I attending the Brighton Coders (Coding?) Dojo for the second time last night. This week we were attempting to write a text adventure game in Java. The game was to include a number of things like 'a cat', 'a lift (elevator)', and some other things I can't remember as the spec hasn't been updated on the wiki yet. People were less nervous (of looking stupid!) and we nearly managed to create a working piece of software. The meeting threw up a number of areas of thought for me:
There is no defined purpose to the Dojo and after a discussion it's not that we weren't told, it's just that there doesn't seem to be one. I like the freedom in that. It's an opportunity to just play and consider the results afterward… if you want to.
What is more important, 'do it right' or 'build something that works'? For example, if you make attributes public then you can access them directly. This is widely regarded as poor practice as it doesn't give encapsulation and the opportunity to change the internal workings of a class later without affecting the calling classes, however it takes time to do things properly and maybe stops you from getting a complete working program by the deadline.
I think that I would like to do the quickest way first, get a unit test working, then refactor the class to 'do it right'.
Last week the first pair just discussed the problem and suggested a few objects. This week the first pair dived straight into creating classes. I know that it sounds wrong, but I preferred this week's approach as it was easy enough to think in classes.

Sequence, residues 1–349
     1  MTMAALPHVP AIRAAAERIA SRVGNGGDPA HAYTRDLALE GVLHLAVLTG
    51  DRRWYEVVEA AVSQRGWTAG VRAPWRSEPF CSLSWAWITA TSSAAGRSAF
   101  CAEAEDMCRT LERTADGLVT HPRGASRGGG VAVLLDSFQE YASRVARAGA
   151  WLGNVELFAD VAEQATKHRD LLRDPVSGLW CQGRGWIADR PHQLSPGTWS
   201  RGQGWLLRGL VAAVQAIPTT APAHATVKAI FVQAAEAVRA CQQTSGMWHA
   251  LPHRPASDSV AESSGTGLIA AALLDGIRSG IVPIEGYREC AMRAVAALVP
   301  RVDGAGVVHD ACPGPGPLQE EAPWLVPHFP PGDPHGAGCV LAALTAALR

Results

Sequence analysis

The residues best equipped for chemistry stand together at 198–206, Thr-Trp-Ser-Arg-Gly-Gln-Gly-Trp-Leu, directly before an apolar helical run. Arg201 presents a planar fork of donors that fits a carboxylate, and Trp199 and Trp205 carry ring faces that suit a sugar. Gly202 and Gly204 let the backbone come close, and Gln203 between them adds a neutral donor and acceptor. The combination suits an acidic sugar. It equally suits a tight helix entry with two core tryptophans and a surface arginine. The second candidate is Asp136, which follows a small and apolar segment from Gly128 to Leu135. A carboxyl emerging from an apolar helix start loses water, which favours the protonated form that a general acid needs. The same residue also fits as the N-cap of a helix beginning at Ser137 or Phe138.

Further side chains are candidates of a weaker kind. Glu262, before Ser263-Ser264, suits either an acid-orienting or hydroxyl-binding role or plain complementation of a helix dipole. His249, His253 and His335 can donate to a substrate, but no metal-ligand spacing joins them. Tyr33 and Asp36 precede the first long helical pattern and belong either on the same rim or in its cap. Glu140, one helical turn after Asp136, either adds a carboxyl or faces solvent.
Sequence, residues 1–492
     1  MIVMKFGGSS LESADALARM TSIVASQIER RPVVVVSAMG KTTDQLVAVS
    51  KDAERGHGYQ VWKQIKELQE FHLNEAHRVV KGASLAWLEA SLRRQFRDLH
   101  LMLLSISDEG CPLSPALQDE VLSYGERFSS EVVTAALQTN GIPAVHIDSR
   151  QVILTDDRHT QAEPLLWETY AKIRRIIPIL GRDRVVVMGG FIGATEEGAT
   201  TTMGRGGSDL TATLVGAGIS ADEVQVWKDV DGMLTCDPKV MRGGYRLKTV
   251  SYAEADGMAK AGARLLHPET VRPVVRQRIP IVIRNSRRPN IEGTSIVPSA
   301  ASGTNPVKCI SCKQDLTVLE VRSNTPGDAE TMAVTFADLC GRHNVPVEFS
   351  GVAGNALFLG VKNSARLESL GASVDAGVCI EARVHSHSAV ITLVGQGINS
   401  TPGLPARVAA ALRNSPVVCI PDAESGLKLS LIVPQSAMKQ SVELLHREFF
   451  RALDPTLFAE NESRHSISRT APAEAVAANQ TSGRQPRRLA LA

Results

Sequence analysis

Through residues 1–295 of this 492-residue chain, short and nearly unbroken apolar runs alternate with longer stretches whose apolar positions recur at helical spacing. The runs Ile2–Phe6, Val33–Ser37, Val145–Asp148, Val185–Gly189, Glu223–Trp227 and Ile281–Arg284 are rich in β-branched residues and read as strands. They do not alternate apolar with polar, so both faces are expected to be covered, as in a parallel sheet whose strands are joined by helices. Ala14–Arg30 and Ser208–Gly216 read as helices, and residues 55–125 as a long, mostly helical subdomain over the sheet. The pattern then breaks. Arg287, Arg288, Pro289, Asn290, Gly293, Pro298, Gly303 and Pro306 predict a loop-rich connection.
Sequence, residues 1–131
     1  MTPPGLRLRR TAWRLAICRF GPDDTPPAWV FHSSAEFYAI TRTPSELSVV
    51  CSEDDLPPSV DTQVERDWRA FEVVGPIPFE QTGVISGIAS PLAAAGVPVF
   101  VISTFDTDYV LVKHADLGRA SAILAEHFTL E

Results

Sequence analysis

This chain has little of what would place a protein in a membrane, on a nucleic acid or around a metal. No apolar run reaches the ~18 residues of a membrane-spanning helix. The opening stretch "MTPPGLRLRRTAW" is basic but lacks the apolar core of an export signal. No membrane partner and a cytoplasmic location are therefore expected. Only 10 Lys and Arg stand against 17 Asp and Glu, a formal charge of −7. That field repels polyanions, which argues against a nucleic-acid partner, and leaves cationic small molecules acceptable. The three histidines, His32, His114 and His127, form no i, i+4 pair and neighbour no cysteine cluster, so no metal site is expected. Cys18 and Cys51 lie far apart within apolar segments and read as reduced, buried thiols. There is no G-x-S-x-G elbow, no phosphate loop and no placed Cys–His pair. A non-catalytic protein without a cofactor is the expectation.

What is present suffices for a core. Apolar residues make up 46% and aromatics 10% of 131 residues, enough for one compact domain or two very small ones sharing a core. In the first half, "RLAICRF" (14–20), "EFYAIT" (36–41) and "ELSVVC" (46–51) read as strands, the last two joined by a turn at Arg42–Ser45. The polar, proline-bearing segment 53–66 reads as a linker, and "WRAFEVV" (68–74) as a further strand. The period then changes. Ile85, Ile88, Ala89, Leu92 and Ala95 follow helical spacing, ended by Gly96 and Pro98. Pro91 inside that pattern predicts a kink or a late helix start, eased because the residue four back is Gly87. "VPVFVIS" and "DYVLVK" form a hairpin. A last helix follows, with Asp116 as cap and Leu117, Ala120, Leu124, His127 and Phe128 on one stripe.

We discussed whether you should prepare something beforehand. If you did then you might impose your own thoughts too much on the solution. However, this means that you aren't building on top of the experience of people not in the dojo session. It's funny not using the CodingByGoogle pattern!
I think one of the purposes of the dojo is to learn how to create something quickly in collaboration with others.
Dave said, "sounds interesting but i think i would spend most of my time working out the language syntax rather than solving the problem, sounds like everyone who goes knows their java onions!" but it's not true. Half of the Dojo aren't Java experts and it had no effect on their interaction. Another 'purpose' of the Dojo is that you get to learn Java/analysis/collaboration by doing stuff rather than being told how to.
After Daniel and I got part of the system to work we were unsure of what to do next. I think that we were both hoping that the 5 minutes would be up at that point and we'd be able to change places. So, we started doing the first new feature we could think of. Even though the (admittedly rough) spec was on the desk next to the keyboard I didn't see anyone refer back to it and make sure that their efforts were focussed on achieving what it asked for. Everyone was so busy trying to work with the software produced so far that the spec was all but forgotten.
It's great to meet people from the industry who have a similar outlook. Many of us stay hidden in offices around town and never cross paths. I'll be inviting people to connect up with me on LinkedIn and continue to be more sociable!